In response to a petition filed by conservation and public-health groups, the Environmental Protection Agency ruled this week that the state of Colorado failed to lawfully permit air pollution from four large oil and gas well sites north of Denver.
In a ruling signed Jan. 30 by EPA Administrator Michael Regan, the agency found the Colorado Department of Public Health and Environment failed to ensure that flaring at the well sites effectively reduced smog-forming volatile organic compounds in compliance with the Clean Air Act.
The ruling calls into question Colorado’s oversight of the oil and gas industry and whether it is effectively controlling air pollution by burning flares in the Denver Metro-North Front Range region.
“Blocking these permits is an important step forward in holding Big Oil accountable for its air pollution, especially when it comes to ozone,” said Ryan Maher, staff attorney at the Center for Biological Diversity and co-author of the petition. “Ozone and other toxics kill, but Colorado has issued tens of thousands of permits that allow oil companies to claim, without citing data or testing, that flares are eliminating toxic pollution like they’re required to.”
“This ruling is exciting as the EPA once again agreed with impacted communities that our state government can do more to protect people from toxic pollution from the oil and gas industry,” said Ean Tafoya, GreenLatinos Colorado state director. “We will continue to exercise more sophisticated legal strategy to bring wins to voices that go unheard.”
The order comes in response to a petition filed in August by the Center for Biological Diversity, Public Employees for Environmental Responsibility (PEER), 350 Colorado, Sierra Club and GreenLatinos. The petition challenged the issuance of new air-pollution permits allowing Bonanza Creek Energy to operate four large oil and gas well pads.
“Without actual testing to ensure that oil and gas facilities are limiting pollution as the law requires, permitting becomes a rubberstamping paperwork exercise,” said Micah Parkin, executive director of 350 Colorado. “The EPA’s ruling ensures the oil and gas industry is held accountable for the damage it does to Colorado’s communities and air.”
Tanks, engines, gas venting, leaking pipes, and loading oil onto trucks at Bonanza Creek’s well pads emit large amounts of toxic gases, including nitrogen oxides, volatile organic compounds, particulate matter, benzene and formaldehyde. Flares are used to burn off some of this toxic pollution.
Both nitrogen oxides and volatile organic compounds form ground-level ozone, the key ingredient of smog. The well pads are located in an area of Colorado that includes Denver and other Front Range communities and is home to more than 3.5 million people. The Denver Metro-North Front Range region has suffered from ozone pollution in excess of the EPA’s health standard for more than 15 years.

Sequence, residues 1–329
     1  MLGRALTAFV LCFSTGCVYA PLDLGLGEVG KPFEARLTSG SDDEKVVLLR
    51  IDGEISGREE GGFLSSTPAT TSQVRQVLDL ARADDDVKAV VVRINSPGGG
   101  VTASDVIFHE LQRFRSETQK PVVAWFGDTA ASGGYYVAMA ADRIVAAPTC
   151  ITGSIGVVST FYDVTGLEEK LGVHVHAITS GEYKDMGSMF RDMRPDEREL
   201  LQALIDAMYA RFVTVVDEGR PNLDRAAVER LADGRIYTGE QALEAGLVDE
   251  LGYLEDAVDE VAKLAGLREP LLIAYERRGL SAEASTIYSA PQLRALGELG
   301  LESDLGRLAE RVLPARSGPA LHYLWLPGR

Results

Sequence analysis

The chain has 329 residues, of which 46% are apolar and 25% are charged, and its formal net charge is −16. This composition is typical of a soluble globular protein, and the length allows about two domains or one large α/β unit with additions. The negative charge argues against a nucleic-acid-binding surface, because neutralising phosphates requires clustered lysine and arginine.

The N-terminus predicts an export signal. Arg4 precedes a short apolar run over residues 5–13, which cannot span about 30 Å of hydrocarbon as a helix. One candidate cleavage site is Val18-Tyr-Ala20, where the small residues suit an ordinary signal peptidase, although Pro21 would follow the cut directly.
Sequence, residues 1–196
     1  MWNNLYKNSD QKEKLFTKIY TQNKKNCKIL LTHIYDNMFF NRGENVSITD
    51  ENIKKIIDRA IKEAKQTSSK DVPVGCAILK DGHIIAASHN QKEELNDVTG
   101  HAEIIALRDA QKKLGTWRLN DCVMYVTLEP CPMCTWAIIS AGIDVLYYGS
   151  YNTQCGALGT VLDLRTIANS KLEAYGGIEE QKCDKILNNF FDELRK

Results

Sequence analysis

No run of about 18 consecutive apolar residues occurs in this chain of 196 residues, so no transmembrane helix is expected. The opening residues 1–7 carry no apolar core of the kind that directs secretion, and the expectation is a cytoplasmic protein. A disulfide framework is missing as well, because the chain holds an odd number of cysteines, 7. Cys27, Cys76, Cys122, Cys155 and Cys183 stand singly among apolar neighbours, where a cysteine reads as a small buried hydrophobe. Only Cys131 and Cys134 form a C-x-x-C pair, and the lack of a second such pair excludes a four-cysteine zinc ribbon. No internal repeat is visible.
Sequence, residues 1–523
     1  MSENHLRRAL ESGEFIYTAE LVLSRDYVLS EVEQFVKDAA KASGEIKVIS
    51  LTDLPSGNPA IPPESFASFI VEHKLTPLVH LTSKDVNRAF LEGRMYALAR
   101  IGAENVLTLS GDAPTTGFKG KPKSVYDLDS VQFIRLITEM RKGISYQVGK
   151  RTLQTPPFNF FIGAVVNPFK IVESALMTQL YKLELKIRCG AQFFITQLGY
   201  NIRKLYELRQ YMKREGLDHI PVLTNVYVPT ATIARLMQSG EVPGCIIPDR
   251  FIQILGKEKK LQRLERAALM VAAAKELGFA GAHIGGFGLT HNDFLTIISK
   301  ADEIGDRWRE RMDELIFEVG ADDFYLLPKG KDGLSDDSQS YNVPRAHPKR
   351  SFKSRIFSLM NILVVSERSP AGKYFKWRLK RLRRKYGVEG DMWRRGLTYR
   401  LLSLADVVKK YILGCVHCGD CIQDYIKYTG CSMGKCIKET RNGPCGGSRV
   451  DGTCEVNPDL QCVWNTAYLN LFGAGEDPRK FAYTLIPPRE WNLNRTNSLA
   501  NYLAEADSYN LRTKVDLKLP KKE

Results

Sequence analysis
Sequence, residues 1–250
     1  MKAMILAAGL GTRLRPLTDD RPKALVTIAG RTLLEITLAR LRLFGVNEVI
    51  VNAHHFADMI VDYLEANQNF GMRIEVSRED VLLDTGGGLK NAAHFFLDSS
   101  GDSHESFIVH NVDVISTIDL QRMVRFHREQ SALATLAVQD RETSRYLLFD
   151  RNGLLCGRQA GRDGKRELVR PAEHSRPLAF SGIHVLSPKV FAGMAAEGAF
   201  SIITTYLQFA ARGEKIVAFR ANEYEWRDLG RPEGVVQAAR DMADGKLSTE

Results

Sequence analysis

The groups’ petition targeted the Colorado Department of Public Health and Environment’s failure to ensure adequate testing and monitoring of flares. While the department widely assumes the oil and gas industry reduces smog-forming pollution by 95% or more using flares, reports indicate flares often fail meet this level of control.
In its ruling, the EPA found, “it is unclear…how the monitoring requirements assure that the [flares] continually achieve the specific 95 percent control efficiency in the Permits.”
“PEER is thrilled to see EPA regional administrator KC Becker championing the public health of Colorado and holding our state regulators accountable to the law,” said Chandra Rosenthal, Rocky Mountain director of PEER. “This decision shows us that the Biden administration and the experts that work at EPA will no longer let Colorado give the oil and gas industry special treatment.”
Smog pollution linked to oil and gas extraction is linked to human health impacts like asthma attacks, cardiovascular problems and premature death. Those most at risk include older adults, children and people who work outdoors. The harm smog does to plants can damage entire ecosystems and reduce biodiversity.
“It is unfortunate that Colorado insists on handing out permits without ensuring the permits are enforceable and actually protective of people and the environment,” said Ramesh Bhatt, chair of the Colorado Sierra Club conservation committee. “We’re pleased to see the EPA recognize this problem and ensure Colorado includes adequate testing of the pollution generated by Bonanza Creek to protect public health.”
Under the Clean Air Act, Colorado officials have 90 days to respond to the EPA’s ruling and revise the flawed air-pollution permits.